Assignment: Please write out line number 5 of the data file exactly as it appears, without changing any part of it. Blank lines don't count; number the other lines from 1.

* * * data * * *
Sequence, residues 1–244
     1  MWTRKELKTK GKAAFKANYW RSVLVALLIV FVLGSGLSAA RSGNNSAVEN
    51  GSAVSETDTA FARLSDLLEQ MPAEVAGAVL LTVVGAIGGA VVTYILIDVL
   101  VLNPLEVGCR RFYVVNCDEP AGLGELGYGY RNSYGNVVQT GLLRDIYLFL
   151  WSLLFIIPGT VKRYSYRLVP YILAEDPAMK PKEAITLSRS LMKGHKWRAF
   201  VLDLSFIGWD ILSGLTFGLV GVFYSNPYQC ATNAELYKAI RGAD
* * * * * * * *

   151  WSLLFIIPGT VKRYSYRLVP YILAEDPAMK PKEAITLSRS LMKGHKWRAF